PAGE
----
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and as he did so he either lunged at Laukaitis or fell toward him because of his severely crippled leg. Laukaitis reacted by raising his hands to push defendant away, and as his hands contacted defendant's chest he felt a hard object he recognized as a gun. With the help of another officer, Laukaitis removed the weapon, and as he did, a knife fell to the ground. The gun later proved to be the murder weapon according to the State's ballistic proof. Defendant was immediately taken to the Linden police headquarters where a search of his person yielded the wallet of the deceased and the blood-stained clothing mentioned above.

Thus by 2:45 P.M., within about 1 1/4 hours after the dying victim was found, the defendant was in custody, still in possession of the gun and the wallet which nailed down his guilt of murder. This was excellent police work, but defendant says the Constitution condemns it. Specifically, he says that since there was no search warrant, the search and seizure can be sustained only as an incident of a lawful arrest, and the arrest, defendant says, was not lawful because there was no probable cause for it.

The trial judge denied the motion to suppress on several grounds. He held first that probable cause existed for the arrest. Next he held that if an arrest for murder was unwarranted, nonetheless there were exceptional circumstances justifying detention for investigation, and the search was incident thereto. Finally he held that if neither the arrest nor the detention was valid, still the seizure resulted from a non-searching observation which came about when defendant lunged or fell into Detective Laukaitis causing the officer to raise his hands defensively and to perceive by touch the existence of the weapon, the possession of which would itself justify an arrest and the further search of the person which followed. We are satisfied the first ground, i.e., that probable cause existed for the arrest, is amply sustained by the facts and hence we need not consider the alternative grounds given by the trial judge.

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The Fourth Amendment does not bar all searches and seizures. It bars only those that are "unreasonable." The concepts developed in this area remain subordinate to that ultimate standard. The question, then, is whether what was done must be said on the total factual complex to be "unreasonable." State v. Doyle, 42 N.J. 334, 343-344 (1964); State v. Romeo, 43 N.J. 188, 206 (1964), cert. denied, 379 U.S. 970, 85 S. Ct. 6685, 13 L. Ed. 2 d 563 (1965); State v. Fioravanti, 46 N.J. 109, 122-123 (1965), cert. denied, 384 U.S. 919, 86 S. Ct. 1365, 16 L. Ed. 2 d 440 (1966); State v. Mark, 46 N.J. 262, 278-279 (1966). Each case must turn on its own facts. Ker v. State of California, 374 U.S. 23, 33, 83 S. Ct. 1623, 10 L. Ed. 2 d 726, 737 (1963); State v. Contursi, 44 N.J. 422, 430 (1965).

Since the Fourth Amendment speaks, not in terms that are absolute, but rather of unreasonableness, it necessarily calls for a continuing reconciliation of competing values. Pre-eminent in the galaxy of values is the right of the individual to live free from criminal attack in his home, his work, and the streets. Government is established to that end, as the preamble to the Constitution of the United States reveals and our State Constitution, Art. I, para. 2, expressly says. We want the citizen to forego arms on the strength of that assurance. If the Fourth Amendment is read to frustrate effective law enforcement, government will fail in its primary mission, its promise that the individual shall be secure from attack upon his person and his things.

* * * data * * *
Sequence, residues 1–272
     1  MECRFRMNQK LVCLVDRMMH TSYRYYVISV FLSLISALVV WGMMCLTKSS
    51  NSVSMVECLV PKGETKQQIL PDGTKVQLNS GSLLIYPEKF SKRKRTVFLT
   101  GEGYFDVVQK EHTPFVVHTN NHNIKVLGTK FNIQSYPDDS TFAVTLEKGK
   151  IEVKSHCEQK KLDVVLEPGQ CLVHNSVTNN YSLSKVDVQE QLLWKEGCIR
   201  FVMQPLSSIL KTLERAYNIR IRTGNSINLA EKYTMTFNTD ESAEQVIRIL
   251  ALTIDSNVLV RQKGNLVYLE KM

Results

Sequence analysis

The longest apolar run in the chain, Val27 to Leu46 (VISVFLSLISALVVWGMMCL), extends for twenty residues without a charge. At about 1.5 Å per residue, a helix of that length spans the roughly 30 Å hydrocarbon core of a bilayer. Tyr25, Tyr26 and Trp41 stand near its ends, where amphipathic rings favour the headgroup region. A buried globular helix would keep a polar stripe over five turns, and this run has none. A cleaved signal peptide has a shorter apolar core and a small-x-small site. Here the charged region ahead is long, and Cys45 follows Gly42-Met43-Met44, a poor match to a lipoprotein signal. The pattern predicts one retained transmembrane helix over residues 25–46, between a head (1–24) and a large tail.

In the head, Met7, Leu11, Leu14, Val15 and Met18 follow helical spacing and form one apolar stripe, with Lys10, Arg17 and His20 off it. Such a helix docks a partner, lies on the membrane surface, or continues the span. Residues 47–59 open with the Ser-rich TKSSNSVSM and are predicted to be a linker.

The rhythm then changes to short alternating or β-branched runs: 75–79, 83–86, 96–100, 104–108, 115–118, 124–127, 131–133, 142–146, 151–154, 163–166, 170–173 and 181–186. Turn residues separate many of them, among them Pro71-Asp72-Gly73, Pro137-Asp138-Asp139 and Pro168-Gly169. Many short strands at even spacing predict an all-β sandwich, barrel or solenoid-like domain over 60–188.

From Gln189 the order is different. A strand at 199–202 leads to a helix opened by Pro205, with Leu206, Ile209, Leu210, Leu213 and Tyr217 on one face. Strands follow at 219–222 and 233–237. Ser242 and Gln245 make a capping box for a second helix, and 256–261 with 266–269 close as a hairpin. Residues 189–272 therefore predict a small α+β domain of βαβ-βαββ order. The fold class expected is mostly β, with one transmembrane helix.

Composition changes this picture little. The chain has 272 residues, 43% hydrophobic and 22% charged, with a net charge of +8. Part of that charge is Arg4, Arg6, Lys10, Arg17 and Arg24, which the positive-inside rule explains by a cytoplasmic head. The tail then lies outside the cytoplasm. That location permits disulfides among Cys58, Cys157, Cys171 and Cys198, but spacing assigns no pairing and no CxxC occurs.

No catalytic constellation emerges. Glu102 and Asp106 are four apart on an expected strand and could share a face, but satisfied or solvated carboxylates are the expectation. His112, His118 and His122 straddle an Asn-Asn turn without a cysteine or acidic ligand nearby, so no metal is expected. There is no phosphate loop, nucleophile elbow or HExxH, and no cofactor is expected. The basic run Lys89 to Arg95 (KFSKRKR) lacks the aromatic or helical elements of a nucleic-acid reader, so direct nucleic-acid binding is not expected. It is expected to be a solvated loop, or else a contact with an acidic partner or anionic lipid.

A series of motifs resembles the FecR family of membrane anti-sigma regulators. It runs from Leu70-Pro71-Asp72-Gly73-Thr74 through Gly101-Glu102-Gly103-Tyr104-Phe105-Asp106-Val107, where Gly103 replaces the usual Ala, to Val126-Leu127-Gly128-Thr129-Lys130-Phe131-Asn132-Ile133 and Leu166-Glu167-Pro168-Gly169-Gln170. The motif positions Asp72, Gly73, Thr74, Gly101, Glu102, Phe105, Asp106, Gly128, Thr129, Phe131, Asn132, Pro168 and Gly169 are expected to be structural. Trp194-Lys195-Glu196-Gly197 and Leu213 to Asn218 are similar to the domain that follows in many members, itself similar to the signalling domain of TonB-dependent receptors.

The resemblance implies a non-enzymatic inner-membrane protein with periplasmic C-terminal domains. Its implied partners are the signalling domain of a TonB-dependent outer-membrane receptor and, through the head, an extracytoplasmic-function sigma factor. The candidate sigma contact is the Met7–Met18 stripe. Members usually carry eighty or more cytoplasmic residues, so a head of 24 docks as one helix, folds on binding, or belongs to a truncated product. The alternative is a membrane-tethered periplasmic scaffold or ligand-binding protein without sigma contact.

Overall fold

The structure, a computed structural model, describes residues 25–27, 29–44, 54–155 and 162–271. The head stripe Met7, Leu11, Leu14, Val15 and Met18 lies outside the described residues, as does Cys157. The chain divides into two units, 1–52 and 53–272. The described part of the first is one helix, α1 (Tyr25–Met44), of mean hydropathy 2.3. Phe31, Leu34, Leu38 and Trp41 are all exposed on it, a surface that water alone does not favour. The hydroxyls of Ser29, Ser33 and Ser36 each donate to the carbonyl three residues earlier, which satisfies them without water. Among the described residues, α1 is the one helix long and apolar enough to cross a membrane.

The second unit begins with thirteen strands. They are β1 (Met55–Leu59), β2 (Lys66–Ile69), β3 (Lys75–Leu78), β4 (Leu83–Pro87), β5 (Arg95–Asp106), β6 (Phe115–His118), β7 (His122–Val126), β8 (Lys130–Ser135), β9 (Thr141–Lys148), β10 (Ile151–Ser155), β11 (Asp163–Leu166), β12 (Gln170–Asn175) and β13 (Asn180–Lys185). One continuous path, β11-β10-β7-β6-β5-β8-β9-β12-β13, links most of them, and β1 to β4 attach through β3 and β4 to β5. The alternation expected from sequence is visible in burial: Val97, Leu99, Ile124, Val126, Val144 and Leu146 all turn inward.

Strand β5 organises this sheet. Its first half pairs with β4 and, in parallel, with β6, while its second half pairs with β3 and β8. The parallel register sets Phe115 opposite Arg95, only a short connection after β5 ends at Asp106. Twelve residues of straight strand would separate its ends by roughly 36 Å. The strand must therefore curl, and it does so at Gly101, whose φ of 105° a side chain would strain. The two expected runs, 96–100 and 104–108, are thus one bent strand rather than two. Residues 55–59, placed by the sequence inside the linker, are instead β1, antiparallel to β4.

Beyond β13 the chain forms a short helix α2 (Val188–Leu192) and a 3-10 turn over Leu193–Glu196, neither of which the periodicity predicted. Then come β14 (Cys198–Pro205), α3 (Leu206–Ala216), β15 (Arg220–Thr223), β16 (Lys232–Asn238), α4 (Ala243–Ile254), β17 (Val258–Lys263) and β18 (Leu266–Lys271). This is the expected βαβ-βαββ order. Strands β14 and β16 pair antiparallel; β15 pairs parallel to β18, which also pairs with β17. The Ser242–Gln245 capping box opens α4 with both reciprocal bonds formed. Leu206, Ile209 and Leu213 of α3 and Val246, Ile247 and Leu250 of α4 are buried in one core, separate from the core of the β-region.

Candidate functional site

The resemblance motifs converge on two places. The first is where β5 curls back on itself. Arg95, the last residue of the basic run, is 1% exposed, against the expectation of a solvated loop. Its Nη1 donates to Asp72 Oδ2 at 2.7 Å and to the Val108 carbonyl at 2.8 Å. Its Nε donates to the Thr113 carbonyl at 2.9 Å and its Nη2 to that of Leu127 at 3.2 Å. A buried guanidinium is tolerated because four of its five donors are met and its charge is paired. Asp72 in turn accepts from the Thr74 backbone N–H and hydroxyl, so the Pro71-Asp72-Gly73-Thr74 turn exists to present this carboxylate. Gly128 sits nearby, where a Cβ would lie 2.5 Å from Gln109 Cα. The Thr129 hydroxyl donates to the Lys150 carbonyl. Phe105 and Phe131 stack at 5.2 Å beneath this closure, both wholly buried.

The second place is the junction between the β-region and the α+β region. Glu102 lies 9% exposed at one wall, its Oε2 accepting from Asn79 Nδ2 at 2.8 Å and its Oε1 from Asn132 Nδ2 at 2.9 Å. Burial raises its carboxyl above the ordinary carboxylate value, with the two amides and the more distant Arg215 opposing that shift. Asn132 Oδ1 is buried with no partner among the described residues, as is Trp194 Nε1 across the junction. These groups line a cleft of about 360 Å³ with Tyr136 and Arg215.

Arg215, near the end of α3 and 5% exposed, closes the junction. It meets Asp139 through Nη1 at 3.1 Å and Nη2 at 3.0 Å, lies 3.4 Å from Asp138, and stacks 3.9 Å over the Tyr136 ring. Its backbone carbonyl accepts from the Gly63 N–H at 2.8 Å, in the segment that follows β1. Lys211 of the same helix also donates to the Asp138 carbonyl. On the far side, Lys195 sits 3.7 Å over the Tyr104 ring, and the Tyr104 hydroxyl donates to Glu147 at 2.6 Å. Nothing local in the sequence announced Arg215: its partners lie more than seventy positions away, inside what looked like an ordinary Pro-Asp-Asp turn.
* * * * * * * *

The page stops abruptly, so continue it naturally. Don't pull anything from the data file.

It is well to remember that the proposition before us is that evidence which undeniably establishes guilt of murder shall be suppressed, not because its probative worth was tainted in the least by the manner in which it was obtained, nor because the Fourth Amendment says it shall be suppressed, but rather because the judiciary, believing it was unable to fashion a remedy for a breach of the Fourth, settled upon the sanction of suppression to induce obedience to its command. Elkins v. United States, 364 U.S. 206, 217, 80 S. Ct. 1437, 4 L. Ed. 2 d 1669, 1677 (1960); State v.

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Smith, 37 N.J. 481, 486 (1962), cert. denied, 374 U.S. 835, 83 S. Ct. 1879, 10 L. Ed. 2 d 1055 (1963).*fn2 We should be mindful that while the judge-made sanction supports the right of the individual to be free from wrongful invasion by the State, it tends to deny him protection from grievous invasion by the criminal. For unless we can assume that offenders set free by suppression of patent proof of their guilt will not resume a criminal course, we must recognize that the pain of the sanction of suppression will be felt, not by some abstraction called the "police" or "society," but by tomorrow's victims, by the innocent who more likely than not will be the poor, the most exposed and the least protected among us. Nor can we fail to note that while the sanction supports the high value inherent in freedom from unwarranted search, yet in another aspect it works against public morality because the suppression of the truth must tend to breed contempt for the long arm of the law. Such are the stakes, and it is in their light that the unreasonableness of a search must be measured.

The subsidiary concept, "probable cause," defies precise definition. It is something less than proof needed to convict and something more than a raw, unsupported suspicion. It is a suspicion (or belief*fn3) of guilt that is "well

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grounded." State v. Burnett, 42 N.J. 377, 387 (1964); State v. Contursi, 44 N.J. 422, 429-430 (1965). The emphasis is upon a practical, realistic view of law enforcement, in recognition of the primacy of the individual's right to be safe from attack.